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Raising awareness through real stories: Understanding the impact of MS

Amy Rundlett
By Amy Rundlett

It’s estimated that up to 2.9 million people in the world suffer from multiple sclerosis (MS), a condition caused by the immune system mistakenly attacking the brain and nerves [1].

As a result, it can cause a wide range of potential symptoms, including problems with vision, arm or leg movement, sensation or balance. There’s currently no cure for MS, but medicines and other treatments can help control the condition and ease some of the symptoms.

This year, the theme of World MS Day is ‘Diagnosis’, underscoring the importance of early and accurate diagnosis for individuals living with MS. In this blog, we explore some of the cutting-edge developments shaping MS diagnosis and care in 2024 and find out firsthand how MS is impacting the lives of people like Amy, our Junior Traffic Manager, and her Dad.

Innovations in MS diagnosis and care

Early and accurate diagnosis of MS is crucial to start disease-modifying treatments as soon as possible, helping to delay progression and improve patient outcomes. In 2024, significant strides have been made in improving the diagnostic process for MS and changing the lives of people living with MS.

Imaging techniques
Advanced imaging techniques like magnetic resonance imaging (MRI), optical coherence tomography (OCT), and coherent anti-Stokes Raman scattering (CARS) microscopy are revolutionizing the diagnosis of MS by providing greater sensitivity and specificity compared to conventional methods.

A 2023 study confirmed that measuring retinal layer thickness with OCT can significantly improve early MS diagnosis and prediction of disease progression, and could act as a new biomarker, offering a “window to the brain” for detecting MS-related neurodegeneration earlier [3].

Treatment approaches
The introduction of personalized and targeted therapies has drastically changed the MS landscape. New disease-modifying therapies (DMTs) – therapies that can improve how MS develops over time – have been developed to reduce relapses, slow disease progression, and manage symptoms more effectively. These include antibody-based therapeutics like Ocrelizumab and Ofatumumab [4,5].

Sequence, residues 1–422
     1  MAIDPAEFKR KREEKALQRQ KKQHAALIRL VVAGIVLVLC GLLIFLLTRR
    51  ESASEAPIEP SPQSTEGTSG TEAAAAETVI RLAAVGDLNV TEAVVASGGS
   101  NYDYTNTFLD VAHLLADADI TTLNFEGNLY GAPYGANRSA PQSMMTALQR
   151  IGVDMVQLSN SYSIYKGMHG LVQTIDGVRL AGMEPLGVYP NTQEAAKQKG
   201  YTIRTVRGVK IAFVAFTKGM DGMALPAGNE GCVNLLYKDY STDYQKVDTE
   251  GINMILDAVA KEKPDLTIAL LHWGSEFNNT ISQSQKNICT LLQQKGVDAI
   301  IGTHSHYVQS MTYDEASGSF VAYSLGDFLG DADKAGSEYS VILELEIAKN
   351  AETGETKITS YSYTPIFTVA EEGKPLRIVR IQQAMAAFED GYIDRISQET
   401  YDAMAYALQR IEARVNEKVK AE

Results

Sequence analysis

Researchers are also exploring innovative therapeutic strategies, such as stem cell therapy and immunomodulatory treatments, to revolutionize MS management. The main type of stem cell therapy being studied for MS is autologous hematopoietic stem cell transplantation (aHSCT).

In aHSCT, a patient’s own blood stem cells are collected, the immune system is then ablated with chemotherapy, and the stem cells are reinfused to rebuild a new immune system. The goal is to “reboot” the immune system and stop the autoimmune attack on the nervous system that drives MS progression [6,7].

Collaborative research initiatives
World MS Day 2024 emphasizes the importance of collaborative research efforts in advancing MS care. Initiatives like “My MS Diagnosis” are campaigning to raise awareness and advocate for better MS training for healthcare professionals, new research, and clinical advancements in MS diagnosis. By fostering a global network of researchers, clinicians, and advocates, these initiatives drive innovation and progress in the field of MS research.

Raising awareness through unique perspectives

By sharing real stories, we can help destigmatize MS and promote solidarity within the MS community as part of World MS Day. Our Junior Traffic Manager, Amy shares her experience throughout her Dad’s MS journey and how it has impacted his life: